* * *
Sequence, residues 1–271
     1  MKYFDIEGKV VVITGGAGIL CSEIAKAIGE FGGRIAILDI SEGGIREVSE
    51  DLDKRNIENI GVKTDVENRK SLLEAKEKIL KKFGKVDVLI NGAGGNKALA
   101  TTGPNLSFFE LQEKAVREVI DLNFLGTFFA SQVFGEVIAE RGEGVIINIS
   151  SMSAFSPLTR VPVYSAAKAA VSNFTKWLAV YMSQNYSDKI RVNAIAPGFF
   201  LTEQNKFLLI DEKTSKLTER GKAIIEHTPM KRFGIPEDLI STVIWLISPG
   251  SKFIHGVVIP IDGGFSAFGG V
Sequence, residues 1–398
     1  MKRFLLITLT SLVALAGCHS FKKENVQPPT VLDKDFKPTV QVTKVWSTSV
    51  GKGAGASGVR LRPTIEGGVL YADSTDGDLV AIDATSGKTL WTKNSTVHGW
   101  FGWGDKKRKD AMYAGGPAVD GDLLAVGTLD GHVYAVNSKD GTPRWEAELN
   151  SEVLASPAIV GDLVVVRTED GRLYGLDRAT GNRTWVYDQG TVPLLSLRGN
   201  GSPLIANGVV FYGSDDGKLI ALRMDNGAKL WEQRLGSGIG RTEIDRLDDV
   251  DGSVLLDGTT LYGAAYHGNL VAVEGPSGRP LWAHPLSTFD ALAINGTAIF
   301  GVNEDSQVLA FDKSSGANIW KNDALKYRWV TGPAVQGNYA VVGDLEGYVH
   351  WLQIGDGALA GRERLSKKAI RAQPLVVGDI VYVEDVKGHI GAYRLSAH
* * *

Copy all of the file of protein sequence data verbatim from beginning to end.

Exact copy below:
Sequence, residues 1–271
     1  MKYFDIEGKV VVITGGAGIL CSEIAKAIGE FGGRIAILDI SEGGIREVSE
    51  DLDKRNIENI GVKTDVENRK SLLEAKEKIL KKFGKVDVLI NGAGGNKALA
   101  TTGPNLSFFE LQEKAVREVI DLNFLGTFFA SQVFGEVIAE RGEGVIINIS
   151  SMSAFSPLTR VPVYSAAKAA VSNFTKWLAV YMSQNYSDKI RVNAIAPGFF
   201  LTEQNKFLLI DEKTSKLTER GKAIIEHTPM KRFGIPEDLI STVIWLISPG
   251  SKFIHGVVIP IDGGFSAFGG V
Sequence, residues 1–398
     1  MKRFLLITLT SLVALAGCHS FKKENVQPPT VLDKDFKPTV QVTKVWSTSV
    51  GKGAGASGVR LRPTIEGGVL YADSTDGDLV AIDATSGKTL WTKNSTVHGW
   101  FGWGDKKRKD AMYAGGPAVD GDLLAVGTLD GHVYAVNSKD GTPRWEAELN
   151  SEVLASPAIV GDLVVVRTED GRLYGLDRAT GNRTWVYDQG TVPLLSLRGN
   201  GSPLIANGVV FYGSDDGKLI ALRMDNGAKL WEQRLGSGIG RTEIDRLDDV
   251  DGSVLLDGTT LYGAAYHGNL VAVEGPSGRP LWAHPLSTFD ALAINGTAIF
   301  GVNEDSQVLA FDKSSGANIW KNDALKYRWV TGPAVQGNYA VVGDLEGYVH
   351  WLQIGDGALA GRERLSKKAI RAQPLVVGDI VYVEDVKGHI GAYRLSAH